Warning: This review contains spoilers.
The Flash #35 certainly lives up to the promise of its cover: Future Flash has finally made it to the present to take on – and take out – his younger self. Continuing from last month’s “Futures End” chapter, readers may initially experience a case of deja vu, though the crimson-clad Barry fairs much better this time around. Rather than a quick finish, readers get a knock-down, drag-out battle in the Utah Salt Flats that ends courtesy of a surprise guest.
The laws of physics and the events of a superhero comic book are not compatible, and most readers are able to tailor their expectations appropriately to reconcile the disconnect. Grant Morrison’s The Multiversity reminded readers not to argue with “cartoon physics.” However, that title also purports that the physics of a given world, no matter how ludicrous, should be portrayed with a degree of consistency. The Flash #35 fails to maintain consistency in its own science, resulting in story built up over the course of eight issues collapsing on itself.
In The Flash: Futures End #1, the presence of two identical speedsters in the time and space created feedback from the Speed Force that resulted in an explosion that killed the Barry of five years from now. This is a rule established by the current team of Robert Venditti and Van Jensen — not one they inherited from a previous writer. It is also a rule they ignore immediately from the start of The Flash #35.
The issue opens with present-day Barry Allen waking up to grab a quick breakfast before starting his day when Future Flash runs in and grabs him, smashing his cereal bowl in the process. Based on the writers’ own rules there should have been a Speed Force explosion, but there wasn’t.
After Barry is miraculously carried to the Salt Flats without combusting, he and Future Flash discuss the tear in the Speed Force which has been the cause of Barry’s “lost time” over the past seven six issues. The Future Flash, a product of a timestream which no longer exists, has concluded that the only way to fix the problem is by sacrificing a speedster — just not himself. Present-day Barry is clearly not a fan of this, and the two battle until an aforementioned feedback-fueled explosion ends it.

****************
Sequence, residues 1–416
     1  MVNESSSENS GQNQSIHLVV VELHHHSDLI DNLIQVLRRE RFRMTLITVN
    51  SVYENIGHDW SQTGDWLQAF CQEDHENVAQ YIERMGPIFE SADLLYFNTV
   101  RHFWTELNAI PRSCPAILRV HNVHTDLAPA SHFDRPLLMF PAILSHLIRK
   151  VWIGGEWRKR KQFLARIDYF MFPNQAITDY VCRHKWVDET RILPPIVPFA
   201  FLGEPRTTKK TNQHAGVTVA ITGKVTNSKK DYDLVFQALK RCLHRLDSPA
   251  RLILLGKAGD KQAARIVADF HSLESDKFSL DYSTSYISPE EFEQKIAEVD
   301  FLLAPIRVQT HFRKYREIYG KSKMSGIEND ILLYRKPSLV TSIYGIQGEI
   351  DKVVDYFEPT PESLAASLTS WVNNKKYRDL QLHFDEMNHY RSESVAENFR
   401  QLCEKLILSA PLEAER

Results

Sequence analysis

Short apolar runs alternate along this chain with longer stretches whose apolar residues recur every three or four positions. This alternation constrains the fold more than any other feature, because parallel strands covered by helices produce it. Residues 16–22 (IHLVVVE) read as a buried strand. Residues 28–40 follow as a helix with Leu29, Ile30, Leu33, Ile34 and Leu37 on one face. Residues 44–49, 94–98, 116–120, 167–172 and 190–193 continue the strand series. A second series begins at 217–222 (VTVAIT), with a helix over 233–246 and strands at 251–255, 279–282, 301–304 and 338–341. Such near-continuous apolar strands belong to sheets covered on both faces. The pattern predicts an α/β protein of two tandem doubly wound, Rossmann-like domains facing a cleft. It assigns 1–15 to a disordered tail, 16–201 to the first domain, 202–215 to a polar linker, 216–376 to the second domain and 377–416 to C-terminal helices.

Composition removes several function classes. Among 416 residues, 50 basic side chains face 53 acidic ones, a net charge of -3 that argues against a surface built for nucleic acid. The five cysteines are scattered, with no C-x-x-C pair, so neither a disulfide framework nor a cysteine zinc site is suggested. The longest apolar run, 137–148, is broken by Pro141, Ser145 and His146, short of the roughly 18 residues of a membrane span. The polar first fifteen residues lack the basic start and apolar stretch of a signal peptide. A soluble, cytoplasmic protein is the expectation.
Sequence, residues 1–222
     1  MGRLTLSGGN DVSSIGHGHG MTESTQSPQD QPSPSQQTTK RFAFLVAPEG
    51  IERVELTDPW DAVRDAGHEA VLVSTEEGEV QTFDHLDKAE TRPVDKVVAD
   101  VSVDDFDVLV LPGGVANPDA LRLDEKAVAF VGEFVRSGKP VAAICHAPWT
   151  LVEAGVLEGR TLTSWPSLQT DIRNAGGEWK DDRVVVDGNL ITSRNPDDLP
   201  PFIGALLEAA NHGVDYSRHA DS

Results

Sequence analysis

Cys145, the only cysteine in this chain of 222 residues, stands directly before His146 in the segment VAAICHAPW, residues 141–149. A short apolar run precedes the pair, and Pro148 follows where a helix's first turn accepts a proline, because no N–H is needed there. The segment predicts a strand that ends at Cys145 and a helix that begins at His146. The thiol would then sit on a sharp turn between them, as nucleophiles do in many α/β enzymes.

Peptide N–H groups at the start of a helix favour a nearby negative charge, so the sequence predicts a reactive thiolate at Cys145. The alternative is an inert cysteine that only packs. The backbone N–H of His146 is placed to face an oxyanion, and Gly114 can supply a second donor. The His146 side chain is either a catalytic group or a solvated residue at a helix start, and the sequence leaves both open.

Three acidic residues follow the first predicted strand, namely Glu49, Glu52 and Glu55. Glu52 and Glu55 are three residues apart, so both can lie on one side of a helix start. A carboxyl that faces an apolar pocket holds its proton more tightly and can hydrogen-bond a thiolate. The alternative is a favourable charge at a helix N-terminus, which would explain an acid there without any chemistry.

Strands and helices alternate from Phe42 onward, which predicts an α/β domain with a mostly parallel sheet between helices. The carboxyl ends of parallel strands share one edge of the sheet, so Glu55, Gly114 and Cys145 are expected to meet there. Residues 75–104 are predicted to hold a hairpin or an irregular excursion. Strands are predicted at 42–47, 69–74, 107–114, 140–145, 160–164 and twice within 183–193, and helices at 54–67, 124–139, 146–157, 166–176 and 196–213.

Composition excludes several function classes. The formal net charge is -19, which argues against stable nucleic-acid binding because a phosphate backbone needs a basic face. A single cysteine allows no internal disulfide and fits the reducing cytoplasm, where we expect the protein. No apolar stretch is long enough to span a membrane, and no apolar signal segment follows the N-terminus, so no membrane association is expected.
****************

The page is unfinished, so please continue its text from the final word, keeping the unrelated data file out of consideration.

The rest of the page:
Despite the confusing nature of the pseudo-science at hand, the battle between the two Flashes is an entertaining deconstruction of the Scarlet Speedster. Future Flash reveals that he has taken it upon himself to learn how to actually fight, training under the likes of Deathstroke, Lady Shiva, and Batman. Though Barry’s associating with two of those individuals seems out of character, it actually makes sense given this version’s darker view of the world.
The issue’s conclusion sets the stage for the next arc, with the Future Flash trapped in the present and the present-day Barry trapped somewhere. It’s not clear if he’s in another dimension or the Speed Force itself. What is clear is that Barry’s predicament is reminiscent of The Flash #8, where he also found himself trapped within the Speed Force. Furthermore, Barry’s replacement by an older, darker version of himself will undoubtedly remind longtime readers of Mark Waid’s “Dark Flash Saga.” Unfortunately, given readers’ knowledge of this future version’s nature and motivations, there is a lack of mystery (and nuance) that causes the set up to be, at best, clunky.
Thankfully, not all is lost. Though the script has it’s share of problems, the art team continues to deliver. Brett Booth, Norm Rapmund, and Andrew Dalhouse provide the dynamic visuals that The Flash demands. The fight choreography is brutal, with each blow possessing a physical weight that the read can feel through the pencils and inks. Though the musculature of certain characters – particularly the adult, time-travelling Wally West – is a little much, it’s a minor quibble compared to the narrative. Andrew Dalhouse’s colors complete the look of the issue, providing a vibrant and lively palate that serves to balance the issue’s generally grim nature. Truth be told, this is their best looking issue to date.
Superhero comics – particularly those produced within the last several years – are inherently derivative. That is not a criticism, but a fact. Writers and artists draw from and are influenced by past story arcs as they develop the latest chapters in the serialized medium, especially at DC and Marvel. When successful, these creative teams are able to put a fresh (or at least seemingly fresh) spin on an old concept. Unfortunately, this is not the case for The Flash #35. Most of the story elements come across as tired recyclings of previously seen concepts and contradictory character portrayals.
Note: This review was originally published at InfiniteComix.com